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Journal of Venomous Animals and Toxins including Tropical Diseases

On-line version ISSN 1678-9199

J. Venom. Anim. Toxins incl. Trop. Dis vol.14 no.2 Botucatu  2008 



Embriotoxic effects of maternal exposure to Tityus serrulatus scorpion venom



Barão A. A. S.I, II; Nencioni A. L. A.I; Dorce V. A. C.I

ILaboratory of Pharmacology, Butantan Institute, São Paulo, São Paulo State, Brazil
IICenter for Disease Control, SES, São Paulo, São Paulo State, Brazil

Correspondence to




Tityus serrulatus is the most venomous scorpion in Brazil; however, it is not known whether its venom causes any harm to the offspring whose mothers have received it. This study investigates whether the venom of T. serrulatus may lead to deleterious effects in the offspring, when once administered to pregnant rats at a dose that causes moderate envenomation (3mg/kg). The venom effects were studied on the 5th and on the 10th gestation day (GD5 and GD10). The maternal reproductive parameters of the group that received the venom on GD5 showed no alteration. The group that received the venom on GD10 presented an increase in post-implantation losses. In this group, an increase in the liver weight was also observed and one-third of the fetuses presented incomplete ossification of skull bones. None of the groups that received the venom had any visceral malformation or delay in the fetal development of their offspring. The histopathological analysis revealed not only placentas and lungs but also hearts, livers and kidneys in perfect state. Even having caused little effect on the dams, the venom may act in a more incisive way on the offspring, whether by stress generation or by a direct action.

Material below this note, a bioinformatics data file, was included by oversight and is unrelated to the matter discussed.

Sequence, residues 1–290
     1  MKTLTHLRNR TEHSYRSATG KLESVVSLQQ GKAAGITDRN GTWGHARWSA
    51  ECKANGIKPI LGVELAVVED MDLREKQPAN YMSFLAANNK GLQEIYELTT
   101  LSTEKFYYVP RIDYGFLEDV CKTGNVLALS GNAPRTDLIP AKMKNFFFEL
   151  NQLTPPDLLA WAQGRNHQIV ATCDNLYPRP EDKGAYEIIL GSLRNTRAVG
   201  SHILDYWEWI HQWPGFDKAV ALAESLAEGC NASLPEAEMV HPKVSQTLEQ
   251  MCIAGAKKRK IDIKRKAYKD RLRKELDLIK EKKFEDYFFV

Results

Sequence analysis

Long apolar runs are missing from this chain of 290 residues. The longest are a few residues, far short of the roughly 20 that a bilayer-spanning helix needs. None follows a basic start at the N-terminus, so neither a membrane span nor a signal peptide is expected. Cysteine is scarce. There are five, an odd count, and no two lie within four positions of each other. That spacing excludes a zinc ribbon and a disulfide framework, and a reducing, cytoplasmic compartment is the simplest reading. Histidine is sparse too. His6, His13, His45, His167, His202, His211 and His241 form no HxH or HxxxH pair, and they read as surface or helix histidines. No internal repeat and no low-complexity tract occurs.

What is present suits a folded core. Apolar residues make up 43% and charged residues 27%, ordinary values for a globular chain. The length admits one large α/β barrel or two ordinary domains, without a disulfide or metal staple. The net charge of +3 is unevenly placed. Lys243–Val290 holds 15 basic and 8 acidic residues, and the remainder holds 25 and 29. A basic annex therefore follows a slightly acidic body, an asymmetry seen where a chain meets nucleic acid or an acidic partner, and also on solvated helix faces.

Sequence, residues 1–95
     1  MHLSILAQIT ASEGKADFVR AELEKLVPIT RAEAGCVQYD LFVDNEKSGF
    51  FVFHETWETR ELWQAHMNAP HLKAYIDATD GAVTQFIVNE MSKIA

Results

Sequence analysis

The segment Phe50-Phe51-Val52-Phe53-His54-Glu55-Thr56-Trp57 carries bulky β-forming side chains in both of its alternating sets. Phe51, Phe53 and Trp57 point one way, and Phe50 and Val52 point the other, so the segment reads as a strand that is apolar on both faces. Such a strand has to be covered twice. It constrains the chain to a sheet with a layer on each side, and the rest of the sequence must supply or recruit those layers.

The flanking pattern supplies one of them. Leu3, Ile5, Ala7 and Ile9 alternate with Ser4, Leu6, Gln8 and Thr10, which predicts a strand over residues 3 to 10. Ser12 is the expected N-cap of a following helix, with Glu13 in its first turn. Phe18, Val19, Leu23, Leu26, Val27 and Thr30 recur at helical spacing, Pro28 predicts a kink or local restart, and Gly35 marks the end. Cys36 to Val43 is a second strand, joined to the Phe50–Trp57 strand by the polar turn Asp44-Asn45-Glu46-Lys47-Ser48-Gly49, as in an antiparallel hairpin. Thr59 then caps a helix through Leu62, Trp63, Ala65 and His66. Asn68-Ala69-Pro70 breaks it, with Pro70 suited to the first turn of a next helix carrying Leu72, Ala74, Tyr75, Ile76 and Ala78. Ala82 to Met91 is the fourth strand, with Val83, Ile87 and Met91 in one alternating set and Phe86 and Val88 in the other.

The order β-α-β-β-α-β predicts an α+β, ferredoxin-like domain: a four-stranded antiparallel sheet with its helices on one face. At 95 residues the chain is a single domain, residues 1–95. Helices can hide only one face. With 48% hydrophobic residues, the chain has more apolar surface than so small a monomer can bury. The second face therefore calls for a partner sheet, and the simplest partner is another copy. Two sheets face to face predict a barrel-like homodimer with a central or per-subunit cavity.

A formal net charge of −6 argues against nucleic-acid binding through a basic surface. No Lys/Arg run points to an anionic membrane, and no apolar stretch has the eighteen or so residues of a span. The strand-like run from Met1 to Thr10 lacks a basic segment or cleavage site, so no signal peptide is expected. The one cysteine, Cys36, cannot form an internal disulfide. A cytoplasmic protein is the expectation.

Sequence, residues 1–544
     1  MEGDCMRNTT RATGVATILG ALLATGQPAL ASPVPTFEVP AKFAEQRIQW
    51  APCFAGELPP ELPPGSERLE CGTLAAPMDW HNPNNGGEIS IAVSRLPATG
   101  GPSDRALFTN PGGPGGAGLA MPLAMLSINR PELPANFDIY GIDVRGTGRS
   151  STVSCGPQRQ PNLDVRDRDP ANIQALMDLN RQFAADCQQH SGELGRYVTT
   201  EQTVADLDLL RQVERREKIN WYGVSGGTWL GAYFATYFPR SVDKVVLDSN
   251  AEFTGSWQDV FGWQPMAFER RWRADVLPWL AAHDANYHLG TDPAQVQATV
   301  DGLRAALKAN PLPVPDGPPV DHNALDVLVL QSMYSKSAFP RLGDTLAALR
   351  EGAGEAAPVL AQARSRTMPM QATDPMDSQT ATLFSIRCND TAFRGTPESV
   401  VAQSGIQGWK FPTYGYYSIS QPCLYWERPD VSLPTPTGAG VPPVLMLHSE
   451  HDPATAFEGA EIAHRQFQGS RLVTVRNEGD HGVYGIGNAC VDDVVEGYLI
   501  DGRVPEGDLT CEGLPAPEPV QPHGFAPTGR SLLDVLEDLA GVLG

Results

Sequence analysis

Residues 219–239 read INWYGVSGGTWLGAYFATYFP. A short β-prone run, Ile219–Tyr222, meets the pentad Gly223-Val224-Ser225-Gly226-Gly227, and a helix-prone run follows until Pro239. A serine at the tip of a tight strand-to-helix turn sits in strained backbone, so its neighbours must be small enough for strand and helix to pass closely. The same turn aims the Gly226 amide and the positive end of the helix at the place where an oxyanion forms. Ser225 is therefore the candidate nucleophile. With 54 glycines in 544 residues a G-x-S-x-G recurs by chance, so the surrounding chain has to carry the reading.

Key Words: scorpion venom, perinatal, Tityus serrulatus, pregnancy, embryofetotoxicity.




Scorpions are dangerous animals distributed around the world. Species causing human envenomation belong to the Buthidae family (18). The envenomation is characterized by intense local pain and in some cases by systemic effects. These include lung edema partially due to severe cardiovascular alterations and catecholamines and kinins release increasing the pulmonary vascular permeability; complex respiratory arrhythmias such as tachypnea, hyperpnea, periodic respiration and respiratory paralysis, explained mainly by stimulation of afferent visceral receptors, being reflex in nature (11) or alternatively due to actions of the venom on the central nervous system (10, 32).